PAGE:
Tiers, packages and add-ons
Comparing price-to-offering ratios is a task for a spreadsheet. I… made three. The base plans range from $25 to $80 per month. From there, you can add packages, which are usually groups of live TV channels bundled by themes like news, sports, entertainment or international content. Premium VOD extras like Max, AMC+ and Starz are also available. Add-ons cost an extra $5 to $20 each per month and simply show up in the guide where you find the rest of your live TV. This is where streaming can quickly get expensive, pushing an $80 subscription to $200 monthly, depending on what you choose.
How we tested
When I begin testing for a guide, I research the most popular and well-reviewed players in the category and narrow down which are worth trying. For the paid plans, just six services dominate so I tried them all. There are considerably more free live TV contenders so I tested the four most popular. After getting accounts set up using my laptop, I downloaded the apps on a Samsung smart TV running the latest version of Tizen OS. I counted the local stations and regional sports coverage, and noted how many of last year’s top cable networks were available. I then weighed the prices, base packages and available add-ons.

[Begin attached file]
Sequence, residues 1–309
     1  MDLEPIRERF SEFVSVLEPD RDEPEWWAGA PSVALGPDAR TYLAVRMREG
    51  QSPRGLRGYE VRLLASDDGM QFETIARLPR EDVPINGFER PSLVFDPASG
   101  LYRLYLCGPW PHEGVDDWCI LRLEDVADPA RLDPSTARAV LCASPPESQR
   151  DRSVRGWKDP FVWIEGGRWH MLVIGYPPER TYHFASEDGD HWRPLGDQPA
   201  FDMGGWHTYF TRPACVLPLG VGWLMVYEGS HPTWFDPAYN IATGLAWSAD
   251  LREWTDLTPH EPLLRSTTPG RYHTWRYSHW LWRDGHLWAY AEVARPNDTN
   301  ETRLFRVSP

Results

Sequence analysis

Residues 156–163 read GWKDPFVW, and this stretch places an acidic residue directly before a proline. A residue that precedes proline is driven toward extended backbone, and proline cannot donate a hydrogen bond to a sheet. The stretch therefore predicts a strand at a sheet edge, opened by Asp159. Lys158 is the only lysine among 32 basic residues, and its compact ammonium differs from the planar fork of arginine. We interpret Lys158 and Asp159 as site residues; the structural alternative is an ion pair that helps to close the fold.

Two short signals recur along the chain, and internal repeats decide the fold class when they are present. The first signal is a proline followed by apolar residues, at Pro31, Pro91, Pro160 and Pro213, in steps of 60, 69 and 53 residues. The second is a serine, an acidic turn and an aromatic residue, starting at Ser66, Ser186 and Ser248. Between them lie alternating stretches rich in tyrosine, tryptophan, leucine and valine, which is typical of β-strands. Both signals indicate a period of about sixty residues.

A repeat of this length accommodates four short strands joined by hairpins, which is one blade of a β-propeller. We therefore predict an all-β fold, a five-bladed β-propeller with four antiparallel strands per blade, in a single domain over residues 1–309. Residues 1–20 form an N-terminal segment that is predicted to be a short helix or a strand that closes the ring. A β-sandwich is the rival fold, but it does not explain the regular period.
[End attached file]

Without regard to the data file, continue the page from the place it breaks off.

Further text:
I then looked at how the programming was organized in each app’s UI and judged how easy everything was to navigate, from the top navigation to the settings. To test the search function, I searched for the same few TV shows on BET, Food Network, HGTV and Comedy Central, since all six providers carry those channels. I noted how helpful the searches were and how quickly they got me to season 6, episode 13 of Home Town.
I used DVR to record entire series and single movies and watched VOD shows, making sure to test the pause and scan functions. On each service with sports, I searched for the same four upcoming NHL, NBA, MLS and NCAA basketball matches and used the record option to save the games and play them back a day or two later. Finally, I noted any extra perks or irritating quirks.
Here’s the full list of everything we tried:
Free ad-supported live TV:
Best free live TV streaming services
Many standard streaming apps have added live components to their lineups. You’re paying for the service, so it’s not technically “free,” but you can get a dose of live TV without spending more than necessary. Peacock includes some regional NBC stations and Paramount+ subscribers can watch on-air CBS programming. The standard Hulu app has a live ABC news channel and Max now includes a live CNN outlet with its service.
Amazon Prime Video contains a live TV tab, as does the Fire TV interface. And, if you use Roku or Samsung as your smart OS of choice, their built-in, proprietary services include hundreds of live channels at no extra cost. Plus there are free apps from Plex and PBS — even NASA has a free streaming service.
But if you want a full suite of live TV networks, and don’t want to sign up for any paid service, there are a number of free ad-supported TV services that have live TV. Here’s the best of what we tried:
This article originally appeared on Engadget at https://www.engadget.com/best-live-tv-streaming-service-133000410.html?src=rss